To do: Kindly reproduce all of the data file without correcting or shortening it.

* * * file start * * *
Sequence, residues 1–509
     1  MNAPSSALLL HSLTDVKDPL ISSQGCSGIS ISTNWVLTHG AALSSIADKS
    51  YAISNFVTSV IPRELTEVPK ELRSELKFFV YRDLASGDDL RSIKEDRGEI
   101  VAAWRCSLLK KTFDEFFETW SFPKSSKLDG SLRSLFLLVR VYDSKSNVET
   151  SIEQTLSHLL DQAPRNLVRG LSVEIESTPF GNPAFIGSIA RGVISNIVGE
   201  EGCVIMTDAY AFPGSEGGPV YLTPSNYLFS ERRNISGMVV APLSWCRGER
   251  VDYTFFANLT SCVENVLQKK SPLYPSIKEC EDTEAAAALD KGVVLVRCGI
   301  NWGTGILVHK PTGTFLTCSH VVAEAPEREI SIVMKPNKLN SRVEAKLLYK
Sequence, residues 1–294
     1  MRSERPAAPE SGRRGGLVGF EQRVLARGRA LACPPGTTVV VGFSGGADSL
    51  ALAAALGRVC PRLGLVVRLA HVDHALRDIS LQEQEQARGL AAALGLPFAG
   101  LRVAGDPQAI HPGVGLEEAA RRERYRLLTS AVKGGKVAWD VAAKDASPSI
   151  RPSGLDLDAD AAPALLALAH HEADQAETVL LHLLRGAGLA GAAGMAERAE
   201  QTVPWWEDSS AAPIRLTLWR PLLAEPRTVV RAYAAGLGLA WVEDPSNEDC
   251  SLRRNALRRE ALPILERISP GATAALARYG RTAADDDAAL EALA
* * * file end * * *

Sequence, residues 1–509
     1  MNAPSSALLL HSLTDVKDPL ISSQGCSGIS ISTNWVLTHG AALSSIADKS
    51  YAISNFVTSV IPRELTEVPK ELRSELKFFV YRDLASGDDL RSIKEDRGEI
   101  VAAWRCSLLK KTFDEFFETW SFPKSSKLDG SLRSLFLLVR VYDSKSNVET
   151  SIEQTLSHLL DQAPRNLVRG LSVEIESTPF GNPAFIGSIA RGVISNIVGE
   201  EGCVIMTDAY AFPGSEGGPV YLTPSNYLFS ERRNISGMVV APLSWCRGER
   251  VDYTFFANLT SCVENVLQKK SPLYPSIKEC EDTEAAAALD KGVVLVRCGI
   301  NWGTGILVHK PTGTFLTCSH VVAEAPEREI SIVMKPNKLN SRVEAKLLYK
Sequence, residues 1–294
     1  MRSERPAAPE SGRRGGLVGF EQRVLARGRA LACPPGTTVV VGFSGGADSL
    51  ALAAALGRVC PRLGLVVRLA HVDHALRDIS LQEQEQARGL AAALGLPFAG
   101  LRVAGDPQAI HPGVGLEEAA RRERYRLLTS AVKGGKVAWD VAAKDASPSI
   151  RPSGLDLDAD AAPALLALAH HEADQAETVL LHLLRGAGLA GAAGMAERAE
   201  QTVPWWEDSS AAPIRLTLWR PLLAEPRTVV RAYAAGLGLA WVEDPSNEDC
   251  SLRRNALRRE ALPILERISP GATAALARYG RTAADDDAAL EALA